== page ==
Pompoms and Apologies: An Interview with Rachel Burke
Mercy Bass | On 12, Feb 2016
â€œIâ€™m a bit addicted to the idea that you have the infinite capacity to make things, its just about finding the time to do it,â€ says Rachel Burke, Brisbane-based artist and designer at i make. you wear it. â€œWhen I work, itâ€™s unplanned and all at once- I might be like, â€˜today I feel like making a crystal-covered shoe.â€™â€
Rachelâ€™s latest crafty endeavour is the project, Apomogy, an Instagram feed and soon-to-be exhibition that accompanies whimsical, brightly-coloured, hand-made pompoms with anonymous public apologies.
â€œI like to find ways to express myself in situations where I feel uncomfortable, it started because I did a shitty thing and was like â€œIâ€™m sorry,â€ while standing with a pompom, and it made my partner laugh- and suddenly I was off the hook,â€ says Rachel, who is known for her pompom-covered dresses and tights, her ombre frilled skirts and her generous use of glitter.
The apologies posted daily on Apomogy range from devastatingly heart-breaking to sweet and almost mundane, yet are always highly personal and sincere. â€œThe pompom itself is not meant to trivialise the apology in any way, but it is interesting how it does soften it,â€ says Rachel.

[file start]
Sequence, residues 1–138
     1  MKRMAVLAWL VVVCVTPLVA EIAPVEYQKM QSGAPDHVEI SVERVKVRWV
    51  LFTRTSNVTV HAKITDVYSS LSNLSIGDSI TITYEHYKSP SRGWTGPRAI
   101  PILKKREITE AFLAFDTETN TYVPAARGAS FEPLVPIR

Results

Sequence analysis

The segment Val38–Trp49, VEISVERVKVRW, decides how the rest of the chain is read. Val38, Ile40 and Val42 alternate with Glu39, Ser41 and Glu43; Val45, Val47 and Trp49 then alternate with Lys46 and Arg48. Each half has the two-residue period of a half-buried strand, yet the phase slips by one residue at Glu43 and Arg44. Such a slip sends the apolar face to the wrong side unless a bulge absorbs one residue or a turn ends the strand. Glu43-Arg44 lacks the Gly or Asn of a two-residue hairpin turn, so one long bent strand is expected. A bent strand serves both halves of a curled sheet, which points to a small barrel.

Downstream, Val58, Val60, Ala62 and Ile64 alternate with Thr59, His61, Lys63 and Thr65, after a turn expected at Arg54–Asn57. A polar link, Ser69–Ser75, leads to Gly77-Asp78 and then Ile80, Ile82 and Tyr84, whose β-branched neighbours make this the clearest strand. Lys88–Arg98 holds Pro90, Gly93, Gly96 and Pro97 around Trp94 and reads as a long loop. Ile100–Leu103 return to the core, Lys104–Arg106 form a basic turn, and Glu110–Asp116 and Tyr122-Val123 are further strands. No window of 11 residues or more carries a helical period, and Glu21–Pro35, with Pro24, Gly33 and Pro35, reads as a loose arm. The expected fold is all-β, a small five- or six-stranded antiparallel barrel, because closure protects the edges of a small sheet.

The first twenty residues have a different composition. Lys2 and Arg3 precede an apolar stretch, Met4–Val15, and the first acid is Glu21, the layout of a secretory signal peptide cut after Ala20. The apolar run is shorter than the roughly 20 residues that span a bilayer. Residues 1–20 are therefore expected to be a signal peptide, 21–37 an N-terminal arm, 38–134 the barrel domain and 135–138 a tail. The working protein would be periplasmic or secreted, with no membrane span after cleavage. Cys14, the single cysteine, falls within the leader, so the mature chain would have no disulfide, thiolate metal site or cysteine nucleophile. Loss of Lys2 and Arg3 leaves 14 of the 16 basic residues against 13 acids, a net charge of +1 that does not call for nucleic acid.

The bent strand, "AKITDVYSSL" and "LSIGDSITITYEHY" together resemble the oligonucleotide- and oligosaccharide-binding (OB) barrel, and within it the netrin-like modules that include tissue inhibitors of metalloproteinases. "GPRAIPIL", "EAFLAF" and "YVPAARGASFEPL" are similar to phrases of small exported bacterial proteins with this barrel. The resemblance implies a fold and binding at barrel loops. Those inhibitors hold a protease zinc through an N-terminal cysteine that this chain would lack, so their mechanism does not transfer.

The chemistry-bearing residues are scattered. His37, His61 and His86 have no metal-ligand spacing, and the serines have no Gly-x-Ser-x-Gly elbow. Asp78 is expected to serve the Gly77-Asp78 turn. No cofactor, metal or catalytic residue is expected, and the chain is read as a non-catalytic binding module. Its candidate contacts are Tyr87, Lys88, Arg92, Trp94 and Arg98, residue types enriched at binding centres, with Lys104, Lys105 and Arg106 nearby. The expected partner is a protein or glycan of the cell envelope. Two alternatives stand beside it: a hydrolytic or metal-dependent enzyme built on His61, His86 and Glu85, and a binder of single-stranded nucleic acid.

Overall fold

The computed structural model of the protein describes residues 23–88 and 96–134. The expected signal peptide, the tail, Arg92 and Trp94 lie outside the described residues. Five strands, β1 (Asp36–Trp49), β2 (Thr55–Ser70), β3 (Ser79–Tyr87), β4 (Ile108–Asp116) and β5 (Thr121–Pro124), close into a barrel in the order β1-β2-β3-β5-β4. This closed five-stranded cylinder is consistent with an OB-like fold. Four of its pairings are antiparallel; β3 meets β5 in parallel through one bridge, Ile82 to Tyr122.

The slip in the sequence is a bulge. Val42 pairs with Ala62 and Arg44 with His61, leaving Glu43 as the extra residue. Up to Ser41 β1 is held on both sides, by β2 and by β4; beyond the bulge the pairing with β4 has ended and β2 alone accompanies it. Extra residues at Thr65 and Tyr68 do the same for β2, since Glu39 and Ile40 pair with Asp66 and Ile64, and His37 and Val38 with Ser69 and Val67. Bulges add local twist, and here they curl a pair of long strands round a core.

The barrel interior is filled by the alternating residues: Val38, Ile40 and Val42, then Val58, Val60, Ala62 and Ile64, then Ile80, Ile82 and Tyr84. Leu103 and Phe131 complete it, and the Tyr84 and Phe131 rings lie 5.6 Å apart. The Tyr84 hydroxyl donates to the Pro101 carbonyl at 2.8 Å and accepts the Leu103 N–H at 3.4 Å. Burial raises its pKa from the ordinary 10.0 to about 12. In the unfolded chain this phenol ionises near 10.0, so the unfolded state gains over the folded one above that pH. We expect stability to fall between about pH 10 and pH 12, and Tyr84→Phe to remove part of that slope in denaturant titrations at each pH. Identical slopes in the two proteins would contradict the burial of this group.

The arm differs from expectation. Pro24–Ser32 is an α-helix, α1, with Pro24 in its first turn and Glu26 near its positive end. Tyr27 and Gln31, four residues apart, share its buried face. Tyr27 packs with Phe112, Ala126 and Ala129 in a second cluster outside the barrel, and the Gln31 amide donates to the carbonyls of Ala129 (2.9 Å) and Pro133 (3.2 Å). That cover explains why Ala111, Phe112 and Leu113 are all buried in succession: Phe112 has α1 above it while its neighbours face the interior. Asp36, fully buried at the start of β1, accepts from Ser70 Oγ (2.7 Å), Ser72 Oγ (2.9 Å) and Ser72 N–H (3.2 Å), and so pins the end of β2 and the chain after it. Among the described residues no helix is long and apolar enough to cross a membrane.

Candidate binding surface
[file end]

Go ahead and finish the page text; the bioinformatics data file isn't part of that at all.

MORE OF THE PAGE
Apomogy didnâ€™t start long ago, but is has grown significantly with close to a thousand apologies being submitted via email. â€œI have hundreds now,â€ says Rachel, â€œand they are all slipping into themes. I can almost start to group these experiences. They are all really unique and personal but you can relate to them all.â€
The photographs of the pompoms and apologies are posted onto the Instagram feed @apomogy, which makes the project highly interactive. â€œPeople are using otherâ€™s apologies to link in their friends who share the same apology. Itâ€™s definitely not always theirs, but they are using it as a way to say sorry,â€ says Rachel.
â€œIf I keep the project going- which is what I want to do, I assume Iâ€™ll always have a surplus of apologies, because there are so many.â€
Rachel now is left to make the many pompoms to accompany each of the anonymous apologies that have been submitted. Although this isnâ€™t the first of her tediously repetitive projects. 2012 saw Rachel complete a year making a dress daily. Keeping a daily blog about her crafty endeavours, the dresses were then sold to raise money for the Starlight Childrenâ€™s Foundation.
â€œThat year really conditioned me about time pressure and finding a way to slip creativity into everyday, she says. â€œI work a full-time job, itâ€™s hard to find the time to do everything, but I think itâ€™s just the drive of wanting to do it.â€
Apomogy is set to be exhibited at Windorâ€™s The Print Bar, in April, which will also act as a workshop to make pompoms and submit apologies.
Check out Rachelâ€™s project on Instagram @apomogy or submit your anonymous apology to email@example.com